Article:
Battery electric buses have zero tailpipe emissions and will help New Zealand in the journey to be carbon neutral

Air pollution

Diesel buses emit pollutants including nitrogen and particulate

matter which has been linked to respiratory and cardiovascular conditions. Buses tend to operate in concentrated areas (such as town and city centres) which exacerbates the air pollution issue.

Reduced noise*

Battery electric buses generate less noise and vibrations than diesel buses, making for a more pleasant journey for passengers and reduces noise pollution for residents and pedestrians along public transport routes.

Lower maintenance costs

Battery electric buses have less regular serviceable parts than those with internal combustion engines. Therefore, battery electric buses have lower maintenance costs than diesel buses.

Lower fuel costs

Battery electric buses have lower driving costs because, per kilometre, electricity is cheaper than diesel. Furthermore, battery electric buses are more energy efficient then internal combustion engines.

*Note the quietness of e-buses may pose a safety issue for those in the street environment who have visual impairments so Acoustic Vehicle Alerting Systems should be considered. Note that parts of Australia are already planning to mandate this type of system.

An electric bus displaying “Clear the air, I’m a pure electric bus” on the back

Image of an electric bus with the display celebrating zero emissions. (Credit: Mark Edwards)

Standards and specifications

AS 2067 Substations and high voltage installations exceeding 1 kV a.c

AS 2550.1 Cranes, Hoists and Winches – Safe Use – General Requirements

AS 2676 Guide to the installation, maintenance, testing and replacement of secondary batteries in buildings sealed cells

AS 5062-2006 Fire protection for mobile and transportable equipment(external link)

AS/ACIF S009:2020 Installation requirements for customer cabling (wiring rules)

AS/NZS 1020 The control of undesirable static electricity

AS/NZS 1319 Safety signs for the occupational environment

AS/NZS 1418.10 Cranes, Hoists and Winches – Part 10: Mobile Elevating Work Platforms: Amendment 1:2017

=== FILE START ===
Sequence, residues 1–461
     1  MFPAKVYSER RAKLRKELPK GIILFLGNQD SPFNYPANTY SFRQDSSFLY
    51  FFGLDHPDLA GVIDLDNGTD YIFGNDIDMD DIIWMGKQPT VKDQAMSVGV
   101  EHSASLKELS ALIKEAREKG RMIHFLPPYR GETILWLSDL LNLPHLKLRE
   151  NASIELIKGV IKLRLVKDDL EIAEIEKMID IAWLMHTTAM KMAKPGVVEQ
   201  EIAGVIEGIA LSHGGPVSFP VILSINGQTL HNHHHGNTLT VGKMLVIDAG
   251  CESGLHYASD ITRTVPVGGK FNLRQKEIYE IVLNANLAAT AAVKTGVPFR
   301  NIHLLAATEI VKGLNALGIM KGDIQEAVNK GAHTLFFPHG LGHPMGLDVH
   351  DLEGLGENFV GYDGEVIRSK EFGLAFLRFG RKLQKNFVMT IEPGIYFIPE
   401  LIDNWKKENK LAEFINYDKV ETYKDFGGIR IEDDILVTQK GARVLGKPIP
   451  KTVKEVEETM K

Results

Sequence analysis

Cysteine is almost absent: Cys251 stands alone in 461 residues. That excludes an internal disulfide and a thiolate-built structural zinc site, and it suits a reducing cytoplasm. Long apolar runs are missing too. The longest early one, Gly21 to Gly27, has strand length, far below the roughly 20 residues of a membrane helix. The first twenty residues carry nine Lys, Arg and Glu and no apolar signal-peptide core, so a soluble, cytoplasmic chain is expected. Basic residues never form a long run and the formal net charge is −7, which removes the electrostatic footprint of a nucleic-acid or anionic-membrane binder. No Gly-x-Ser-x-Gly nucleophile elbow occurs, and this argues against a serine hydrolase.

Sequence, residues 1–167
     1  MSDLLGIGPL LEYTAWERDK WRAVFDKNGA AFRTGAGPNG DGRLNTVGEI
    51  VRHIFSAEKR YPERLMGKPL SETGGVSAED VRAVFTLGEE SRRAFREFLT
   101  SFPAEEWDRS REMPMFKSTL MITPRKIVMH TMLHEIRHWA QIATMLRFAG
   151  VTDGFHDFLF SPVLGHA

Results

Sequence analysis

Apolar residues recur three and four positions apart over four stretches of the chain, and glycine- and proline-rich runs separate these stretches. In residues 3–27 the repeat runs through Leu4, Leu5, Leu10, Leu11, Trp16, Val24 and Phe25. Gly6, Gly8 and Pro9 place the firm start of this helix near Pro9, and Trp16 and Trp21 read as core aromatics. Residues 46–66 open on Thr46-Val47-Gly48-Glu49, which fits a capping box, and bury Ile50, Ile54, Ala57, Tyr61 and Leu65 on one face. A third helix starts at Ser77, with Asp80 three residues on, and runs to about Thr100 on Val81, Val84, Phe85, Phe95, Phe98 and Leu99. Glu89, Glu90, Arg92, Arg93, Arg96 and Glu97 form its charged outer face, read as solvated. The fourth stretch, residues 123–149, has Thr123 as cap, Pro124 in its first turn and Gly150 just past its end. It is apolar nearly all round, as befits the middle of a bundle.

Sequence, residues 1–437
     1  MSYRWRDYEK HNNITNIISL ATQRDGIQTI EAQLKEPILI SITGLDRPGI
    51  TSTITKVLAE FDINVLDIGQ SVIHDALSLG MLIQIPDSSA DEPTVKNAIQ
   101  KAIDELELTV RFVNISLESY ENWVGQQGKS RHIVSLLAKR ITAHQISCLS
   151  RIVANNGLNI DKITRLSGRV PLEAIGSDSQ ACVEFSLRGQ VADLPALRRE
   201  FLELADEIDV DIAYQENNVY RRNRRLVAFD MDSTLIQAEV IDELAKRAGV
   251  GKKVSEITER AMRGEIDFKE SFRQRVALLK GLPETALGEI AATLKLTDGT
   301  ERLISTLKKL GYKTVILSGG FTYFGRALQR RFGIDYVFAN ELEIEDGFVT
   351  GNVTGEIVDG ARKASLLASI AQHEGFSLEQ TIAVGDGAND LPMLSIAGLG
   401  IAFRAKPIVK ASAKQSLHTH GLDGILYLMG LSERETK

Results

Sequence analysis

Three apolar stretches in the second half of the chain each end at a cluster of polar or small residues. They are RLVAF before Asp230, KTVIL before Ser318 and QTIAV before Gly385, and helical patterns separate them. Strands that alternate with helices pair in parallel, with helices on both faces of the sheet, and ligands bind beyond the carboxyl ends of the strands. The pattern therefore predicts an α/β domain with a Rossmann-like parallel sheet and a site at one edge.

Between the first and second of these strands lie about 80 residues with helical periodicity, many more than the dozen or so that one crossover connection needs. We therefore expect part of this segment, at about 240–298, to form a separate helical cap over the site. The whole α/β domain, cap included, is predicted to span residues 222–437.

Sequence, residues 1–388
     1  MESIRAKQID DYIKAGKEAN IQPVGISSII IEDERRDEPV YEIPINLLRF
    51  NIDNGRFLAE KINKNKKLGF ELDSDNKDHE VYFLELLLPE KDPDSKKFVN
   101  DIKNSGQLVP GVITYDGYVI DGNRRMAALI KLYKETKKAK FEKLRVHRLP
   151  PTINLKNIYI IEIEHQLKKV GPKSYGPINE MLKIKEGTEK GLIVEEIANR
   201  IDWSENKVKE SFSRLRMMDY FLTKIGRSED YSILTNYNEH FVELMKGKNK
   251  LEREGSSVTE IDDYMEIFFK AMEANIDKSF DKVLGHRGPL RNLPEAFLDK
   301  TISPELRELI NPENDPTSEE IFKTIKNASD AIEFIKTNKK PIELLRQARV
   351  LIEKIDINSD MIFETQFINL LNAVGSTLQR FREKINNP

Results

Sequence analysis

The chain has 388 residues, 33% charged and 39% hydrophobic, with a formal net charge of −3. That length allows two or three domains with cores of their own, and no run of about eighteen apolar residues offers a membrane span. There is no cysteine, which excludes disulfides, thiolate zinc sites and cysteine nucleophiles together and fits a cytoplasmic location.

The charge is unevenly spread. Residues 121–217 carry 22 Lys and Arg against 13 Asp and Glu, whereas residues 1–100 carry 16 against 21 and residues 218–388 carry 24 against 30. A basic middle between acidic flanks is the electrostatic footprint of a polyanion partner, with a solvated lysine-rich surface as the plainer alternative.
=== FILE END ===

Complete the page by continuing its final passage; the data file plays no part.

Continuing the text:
AS/NZS 1657 Fixed platforms, walkways, stairways and ladders. Design, construction and installation

AS/NZS 1768 Lightning protection

AS/NZS 1891 Personal equipment for Work at Height, Part 1: Manufacturing requirements for full body combination and lower body harnesses

AS/NZS 2053 Conduits and fittings for electrical installations – General requirements

AS/NZS 2293.1 Emergency escape lighting and exit signs for buildings – Part 1: System design, installation, and operation

AS/NZS 2312 Guide to the protection of iron and steel against exterior atmospheric corrosion by the use of protective coatings – Part 1: Paint coatings

AS/NZS 3000 – AS/NZS 3000:2007 Electrical Installations (known as the wiring rules)

AS/NZS 3008.1.1 Electrical installations – Selection of cables – Part 1:1 cables for alternating voltages up to and including 0.6/1kV – Typical Australian installation conditions

AS/NZS 3012 Electrical Installations - Construction and demolition SitesAS/NZS 3017 Electrical installations – Verification guidelines

AS/NZS 3013 Electrical installations – Classification of the fire and mechanical performance of wiring systems

AS/NZS 3100 Approval and test specification – General requirements for electrical equipment

AS/NZS 3112 – AS/NZS 3112:2011 Approval and test specification – Plugs and socket-outlets

AS/NZS 3123 – AS/NZS 3123:2005 (R2016) Approval and test specification – Plugs, socket-outlets and couplers for general industrial application AS/NZS 3760 – AS/NZS 3760 In-service safety inspection and testing of electrical equipment, incorporating Amendments No. 1 and No. 2

AS/NZS 3820:2009 – AS/NZS 3820:2009 Essential safety requirements for electrical equipment

AS/NZS 4024 Safeguarding of machinery – Electrical equipment of machines – Part 1204: General requirements

AS/NZS 61439.1 Low-voltage switchgear and control gear assemblies – Part 1: General rules

CCM Communications Cabling Manual 2007 Vol.1 Handbooks, codes and regulations, Vol.2 Standards

IEC60309-1 – IEC60309-1 Plugs and socket-outlets and couplers for industrial purposes – Part 1: General requirements Edition 4.2

IEC60529 Degrees of protection provided by enclosures (IP Code)(external link)